It Starts with a Learning Disability Assessment
Many adults have a learning disability and don’t know it. Are you one of them? Getting a professional adult learning disability assessment could be your first step to getting on the right track to a more successful and productive life.
What is a learning disability?
A learning disability can be challenging to identify because it’s not an across-the-board cognitive limitation. In fact, some people with a learning disorder in one area can be gifted in another. If you struggle to meet your potential at work or at school, or if you have trouble with certain seemingly “simple” or “normal” tasks, a learning disability may be the reason. Learning disabilities can also impact your relationships, your ability to manage finances, your time management, and more.
One way to think of a learning disability is that it’s a little like being left-handed. There is nothing wrong with being a lefty, but if you try to do certain things the same way right-handed people do, you won’t get good results. A professional comprehensive assessment will give you the information you need to establish new, efficient habits and behaviors. An assessment will also give you documentation for any necessary accommodations you may need in any educational setting, including college and graduate school, or at work.
The phrase “learning disability” has a lot of negative connotations. Perhaps you’re reluctant to consider that the phrase might apply to you. Don’t worry, a word can’t change who you are, but an accurate diagnosis can give you tools you never had before.
Test results may give evidence of learning disorders include attention deficit disorder (ADD), attention deficit hyperactivity disorder (ADHD), and much more.
Why did I not notice it before?
Many adults who have an undiagnosed learning disability find ways to work around their specific struggles without realizing that their struggles are unique. Often, after a family member (usually a child) is diagnosed with a learning disability, the parent recognizes the same symptoms in themself.
Maybe a parent or tutor helped you through high school. Maybe you just barely scraped by when it came to grades. Whatever your story is, it’s never too late to find the tools and strategies you need to thrive.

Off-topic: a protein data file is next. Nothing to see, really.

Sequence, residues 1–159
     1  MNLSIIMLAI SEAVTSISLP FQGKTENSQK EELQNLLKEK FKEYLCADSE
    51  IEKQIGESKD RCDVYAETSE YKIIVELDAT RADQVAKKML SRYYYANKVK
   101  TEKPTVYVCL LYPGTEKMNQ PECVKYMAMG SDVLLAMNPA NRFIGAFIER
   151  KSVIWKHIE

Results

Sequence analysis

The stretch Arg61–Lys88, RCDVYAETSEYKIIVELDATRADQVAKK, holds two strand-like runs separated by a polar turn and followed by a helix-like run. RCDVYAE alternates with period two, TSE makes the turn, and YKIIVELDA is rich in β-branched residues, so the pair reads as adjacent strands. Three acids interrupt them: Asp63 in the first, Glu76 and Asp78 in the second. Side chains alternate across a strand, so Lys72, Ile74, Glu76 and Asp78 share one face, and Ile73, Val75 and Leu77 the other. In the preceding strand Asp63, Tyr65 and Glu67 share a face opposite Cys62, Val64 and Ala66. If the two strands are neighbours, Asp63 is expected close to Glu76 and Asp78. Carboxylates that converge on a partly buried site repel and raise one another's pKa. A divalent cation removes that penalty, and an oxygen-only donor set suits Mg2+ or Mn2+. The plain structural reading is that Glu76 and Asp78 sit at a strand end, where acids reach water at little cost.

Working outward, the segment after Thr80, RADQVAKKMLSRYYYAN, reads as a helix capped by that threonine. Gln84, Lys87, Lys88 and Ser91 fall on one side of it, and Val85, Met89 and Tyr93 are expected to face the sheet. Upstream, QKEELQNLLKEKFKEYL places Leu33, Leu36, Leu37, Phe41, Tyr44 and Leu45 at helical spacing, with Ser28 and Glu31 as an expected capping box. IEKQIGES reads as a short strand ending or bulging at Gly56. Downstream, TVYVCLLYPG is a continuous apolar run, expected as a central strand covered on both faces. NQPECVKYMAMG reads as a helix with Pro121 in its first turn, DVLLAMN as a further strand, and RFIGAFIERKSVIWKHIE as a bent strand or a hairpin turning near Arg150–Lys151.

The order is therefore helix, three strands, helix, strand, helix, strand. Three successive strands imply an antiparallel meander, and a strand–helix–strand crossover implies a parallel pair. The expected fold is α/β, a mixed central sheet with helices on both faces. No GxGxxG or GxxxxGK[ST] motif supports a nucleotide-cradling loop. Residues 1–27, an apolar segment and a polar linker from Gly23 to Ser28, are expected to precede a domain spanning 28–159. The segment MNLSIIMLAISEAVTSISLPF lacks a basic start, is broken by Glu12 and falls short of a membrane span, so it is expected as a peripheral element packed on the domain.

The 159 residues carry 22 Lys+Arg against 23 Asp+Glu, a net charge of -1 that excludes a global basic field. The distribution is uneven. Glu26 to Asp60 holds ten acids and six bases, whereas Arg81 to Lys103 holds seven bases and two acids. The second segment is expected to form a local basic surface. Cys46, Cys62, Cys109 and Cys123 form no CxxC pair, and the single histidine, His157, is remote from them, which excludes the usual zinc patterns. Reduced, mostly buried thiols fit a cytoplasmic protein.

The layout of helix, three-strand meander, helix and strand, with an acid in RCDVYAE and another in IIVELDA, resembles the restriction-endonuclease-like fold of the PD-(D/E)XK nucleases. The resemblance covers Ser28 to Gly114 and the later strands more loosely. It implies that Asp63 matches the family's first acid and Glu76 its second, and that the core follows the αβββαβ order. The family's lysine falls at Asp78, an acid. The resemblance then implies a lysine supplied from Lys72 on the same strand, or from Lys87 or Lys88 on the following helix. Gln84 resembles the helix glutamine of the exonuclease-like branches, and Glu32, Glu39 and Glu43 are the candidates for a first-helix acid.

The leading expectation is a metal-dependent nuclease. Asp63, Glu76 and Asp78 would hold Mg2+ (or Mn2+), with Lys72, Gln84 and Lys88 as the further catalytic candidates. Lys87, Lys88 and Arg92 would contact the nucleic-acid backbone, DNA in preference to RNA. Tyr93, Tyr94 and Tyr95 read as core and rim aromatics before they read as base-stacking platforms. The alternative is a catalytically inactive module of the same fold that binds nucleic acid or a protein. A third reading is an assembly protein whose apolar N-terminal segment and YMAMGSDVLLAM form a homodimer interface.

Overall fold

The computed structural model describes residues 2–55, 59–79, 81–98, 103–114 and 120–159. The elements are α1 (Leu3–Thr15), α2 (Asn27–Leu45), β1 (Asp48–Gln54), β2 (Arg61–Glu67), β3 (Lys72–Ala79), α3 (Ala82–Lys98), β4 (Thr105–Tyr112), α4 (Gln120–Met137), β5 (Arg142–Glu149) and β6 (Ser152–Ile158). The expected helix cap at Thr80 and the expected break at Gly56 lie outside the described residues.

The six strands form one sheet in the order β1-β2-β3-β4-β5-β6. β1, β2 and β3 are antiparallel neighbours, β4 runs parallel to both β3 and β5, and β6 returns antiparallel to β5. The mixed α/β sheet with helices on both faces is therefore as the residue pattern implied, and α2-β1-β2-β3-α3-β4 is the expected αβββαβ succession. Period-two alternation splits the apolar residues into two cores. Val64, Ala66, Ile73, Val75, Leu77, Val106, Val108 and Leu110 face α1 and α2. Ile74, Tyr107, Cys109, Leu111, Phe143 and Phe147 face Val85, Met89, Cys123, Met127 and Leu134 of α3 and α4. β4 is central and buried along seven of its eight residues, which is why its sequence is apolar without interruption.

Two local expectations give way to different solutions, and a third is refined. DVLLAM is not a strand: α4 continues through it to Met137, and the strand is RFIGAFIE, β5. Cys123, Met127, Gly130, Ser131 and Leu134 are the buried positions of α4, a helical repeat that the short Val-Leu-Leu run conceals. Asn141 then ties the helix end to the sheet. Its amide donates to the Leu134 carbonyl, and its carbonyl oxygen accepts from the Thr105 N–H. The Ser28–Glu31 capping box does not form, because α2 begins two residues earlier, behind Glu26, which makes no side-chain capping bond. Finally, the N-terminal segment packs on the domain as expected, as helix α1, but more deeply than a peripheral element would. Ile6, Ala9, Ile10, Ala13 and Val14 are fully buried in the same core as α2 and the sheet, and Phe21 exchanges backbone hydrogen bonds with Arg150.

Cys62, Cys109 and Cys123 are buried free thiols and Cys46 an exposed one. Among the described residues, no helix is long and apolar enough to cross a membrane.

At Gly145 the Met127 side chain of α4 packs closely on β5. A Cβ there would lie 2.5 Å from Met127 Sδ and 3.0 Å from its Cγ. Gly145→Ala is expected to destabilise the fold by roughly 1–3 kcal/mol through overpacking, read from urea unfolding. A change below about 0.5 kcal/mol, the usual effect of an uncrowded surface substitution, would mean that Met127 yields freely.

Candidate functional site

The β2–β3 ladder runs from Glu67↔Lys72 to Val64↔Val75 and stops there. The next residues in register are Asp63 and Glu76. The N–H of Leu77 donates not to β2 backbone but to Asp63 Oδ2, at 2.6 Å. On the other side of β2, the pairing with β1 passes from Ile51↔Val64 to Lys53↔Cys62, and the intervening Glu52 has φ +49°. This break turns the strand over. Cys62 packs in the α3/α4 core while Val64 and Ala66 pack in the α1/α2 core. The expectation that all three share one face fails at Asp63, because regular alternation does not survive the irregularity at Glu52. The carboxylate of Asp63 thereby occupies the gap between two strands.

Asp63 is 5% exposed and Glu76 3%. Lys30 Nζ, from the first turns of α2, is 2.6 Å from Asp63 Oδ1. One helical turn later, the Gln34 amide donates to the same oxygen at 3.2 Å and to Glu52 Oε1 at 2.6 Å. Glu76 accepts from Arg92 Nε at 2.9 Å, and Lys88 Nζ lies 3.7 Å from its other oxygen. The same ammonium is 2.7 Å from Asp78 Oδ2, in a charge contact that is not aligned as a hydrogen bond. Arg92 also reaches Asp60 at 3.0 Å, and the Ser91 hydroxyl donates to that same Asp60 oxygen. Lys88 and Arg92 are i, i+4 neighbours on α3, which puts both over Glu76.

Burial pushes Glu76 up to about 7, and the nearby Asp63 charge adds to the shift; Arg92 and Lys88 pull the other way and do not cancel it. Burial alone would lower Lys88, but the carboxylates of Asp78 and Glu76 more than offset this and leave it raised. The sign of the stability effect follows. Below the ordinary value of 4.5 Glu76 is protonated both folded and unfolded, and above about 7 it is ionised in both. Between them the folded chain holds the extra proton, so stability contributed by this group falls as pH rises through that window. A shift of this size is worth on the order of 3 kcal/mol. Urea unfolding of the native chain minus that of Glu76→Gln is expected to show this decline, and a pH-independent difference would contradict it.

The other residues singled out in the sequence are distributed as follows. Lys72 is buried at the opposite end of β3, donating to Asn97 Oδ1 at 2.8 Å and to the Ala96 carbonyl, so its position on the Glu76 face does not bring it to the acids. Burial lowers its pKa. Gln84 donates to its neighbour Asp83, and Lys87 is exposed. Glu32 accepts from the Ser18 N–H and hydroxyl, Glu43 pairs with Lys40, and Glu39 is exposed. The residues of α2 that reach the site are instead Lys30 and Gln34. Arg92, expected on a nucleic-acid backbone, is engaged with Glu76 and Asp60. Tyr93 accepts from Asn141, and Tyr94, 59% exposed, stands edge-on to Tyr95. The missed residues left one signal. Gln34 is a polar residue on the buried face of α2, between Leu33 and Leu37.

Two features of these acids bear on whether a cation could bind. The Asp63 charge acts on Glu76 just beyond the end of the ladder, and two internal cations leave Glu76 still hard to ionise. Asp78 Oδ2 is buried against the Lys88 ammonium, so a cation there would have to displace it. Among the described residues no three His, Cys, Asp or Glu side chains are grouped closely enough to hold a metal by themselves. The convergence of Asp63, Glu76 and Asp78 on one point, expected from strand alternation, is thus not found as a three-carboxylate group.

What is included in an adult learning disability assessment?
A professional learning disability assessment has several components. Although the details of the testing process may vary on an individual basis, most include a screening, formal evaluation, a diagnosis, and recommendations.
Screening is an initial phase designed to help your assessor put your results in context. Screening may include an informal interview, a brief test, an inventory of your career interests and goals, and a review of your medical, school, or work histories.
Evaluation means testing for achievement, intelligence, and processing ability.
Your diagnosis is a formal statement of the results of your assessment, including the type of learning disability (if any) you have.
In a feedback session, you will also receive recommendations based on your diagnosis and the information you provided in your screening for how you can better meet your goals, both at school or at work and at home. Regardless of whether you receive a learning disability diagnosis, however, you will get detailed information about your areas of strength and weakness.
Are my kids more likely to have a learning disability if I do?
It’s not uncommon for parents and children to share the same or similar learning disability. Sometimes this is due to genetics. Other times, usually when executive function skills are involved, it has more to do with watched and learned behaviors. Issues with motor skills and difficulty understanding are two symptoms of disabilities that you especially want to watch for in your kids.
School-aged children through high school age can do an educational evaluation to see if they qualify for special education services or other academic accommodations. However, students will likely not qualify for disability testing with their public school unless they are significantly behind in one or more subject areas. If you hope to pursue an assessment through your child’s school, I recommend reading my article, “Is a Private Educational Assessment What Your Child Needs?” The good news is there are many benefits to pursuing an educational evaluation with a licensed psychologist outside of the school.